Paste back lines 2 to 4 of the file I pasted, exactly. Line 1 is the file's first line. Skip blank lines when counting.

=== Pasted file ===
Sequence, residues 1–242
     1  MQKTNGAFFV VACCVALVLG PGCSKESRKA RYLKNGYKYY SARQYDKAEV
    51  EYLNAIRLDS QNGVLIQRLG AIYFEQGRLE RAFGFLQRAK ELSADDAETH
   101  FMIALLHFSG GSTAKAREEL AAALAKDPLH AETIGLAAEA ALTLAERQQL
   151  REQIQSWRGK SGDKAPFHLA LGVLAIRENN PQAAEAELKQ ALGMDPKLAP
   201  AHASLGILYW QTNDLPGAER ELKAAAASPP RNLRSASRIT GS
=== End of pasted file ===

     1  MQKTNGAFFV VACCVALVLG PGCSKESRKA RYLKNGYKYY SARQYDKAEV
    51  EYLNAIRLDS QNGVLIQRLG AIYFEQGRLE RAFGFLQRAK ELSADDAETH
   101  FMIALLHFSG GSTAKAREEL AAALAKDPLH AETIGLAAEA ALTLAERQQL